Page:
5. If people or companies do not have an existing unique identifier that can be used, give them one which is at least unique within the BO disclosure system.


Overall, deduplication is a chore that all who work with BO data in the real world will have to deal with. There are some great high-tech solutions that can be put to work, but ultimately one of our aims at Open Ownership is to make them less necessary. Through our work on the BODS and our principles for effective BO disclosure we hope to increase the quality of BO data around the world, and reducing duplicates is one key measure.

Key findings:

  • de-duplication is a heuristic based process that will never be 100% correct. Experiment with your approach on data that you know and be prepared to iterate on your algorithms;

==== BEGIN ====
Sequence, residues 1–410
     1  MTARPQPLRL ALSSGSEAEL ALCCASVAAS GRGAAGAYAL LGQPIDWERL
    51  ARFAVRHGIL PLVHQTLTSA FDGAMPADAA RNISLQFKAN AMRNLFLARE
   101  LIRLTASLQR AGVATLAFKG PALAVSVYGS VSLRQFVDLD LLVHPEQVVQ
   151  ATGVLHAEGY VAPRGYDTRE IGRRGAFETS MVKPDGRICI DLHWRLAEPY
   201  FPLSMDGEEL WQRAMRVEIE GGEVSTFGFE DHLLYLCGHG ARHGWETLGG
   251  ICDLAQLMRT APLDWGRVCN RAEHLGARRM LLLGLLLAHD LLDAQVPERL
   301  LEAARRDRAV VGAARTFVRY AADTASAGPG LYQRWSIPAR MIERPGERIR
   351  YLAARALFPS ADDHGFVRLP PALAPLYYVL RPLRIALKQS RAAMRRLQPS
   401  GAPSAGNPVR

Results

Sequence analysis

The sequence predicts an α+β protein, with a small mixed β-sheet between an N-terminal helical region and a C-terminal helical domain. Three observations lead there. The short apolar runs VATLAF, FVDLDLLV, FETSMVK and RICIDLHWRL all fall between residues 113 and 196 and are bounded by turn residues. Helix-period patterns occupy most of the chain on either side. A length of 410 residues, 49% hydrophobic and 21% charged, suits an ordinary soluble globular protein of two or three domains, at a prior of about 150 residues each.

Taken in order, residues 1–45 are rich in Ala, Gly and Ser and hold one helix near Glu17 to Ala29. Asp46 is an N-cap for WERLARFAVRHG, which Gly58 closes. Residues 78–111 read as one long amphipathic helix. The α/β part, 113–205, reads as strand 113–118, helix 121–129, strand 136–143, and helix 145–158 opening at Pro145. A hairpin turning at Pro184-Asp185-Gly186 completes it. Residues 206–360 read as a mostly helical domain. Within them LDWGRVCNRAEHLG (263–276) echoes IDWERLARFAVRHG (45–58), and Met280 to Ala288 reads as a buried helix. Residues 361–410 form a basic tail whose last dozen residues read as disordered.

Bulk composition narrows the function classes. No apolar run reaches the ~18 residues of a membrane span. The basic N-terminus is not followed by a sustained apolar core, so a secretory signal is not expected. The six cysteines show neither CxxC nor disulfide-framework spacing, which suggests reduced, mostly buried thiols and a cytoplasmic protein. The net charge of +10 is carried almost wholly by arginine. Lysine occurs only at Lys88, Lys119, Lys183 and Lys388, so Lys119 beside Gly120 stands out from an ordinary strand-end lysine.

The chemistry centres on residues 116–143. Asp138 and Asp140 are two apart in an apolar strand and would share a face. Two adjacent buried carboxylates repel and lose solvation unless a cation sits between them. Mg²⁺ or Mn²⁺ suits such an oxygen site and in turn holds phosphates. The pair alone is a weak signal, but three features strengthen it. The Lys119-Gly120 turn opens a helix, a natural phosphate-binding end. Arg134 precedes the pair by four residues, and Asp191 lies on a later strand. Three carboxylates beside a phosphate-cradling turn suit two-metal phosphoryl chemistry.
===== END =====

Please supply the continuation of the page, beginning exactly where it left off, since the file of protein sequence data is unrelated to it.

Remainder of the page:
• model your data so that you can change merges in the future when new data comes to light;
  • ensure transparency in processes and ideally have a continuous process for monitoring duplicates and merges;
  • help us solve the problem at the root by pushing publishers to make changes that reduce duplicates when data enters their registers.

Publication type
Blog post

Beneficial Ownership Data Standard, Open Ownership Register


Open Ownership Principles
Structured data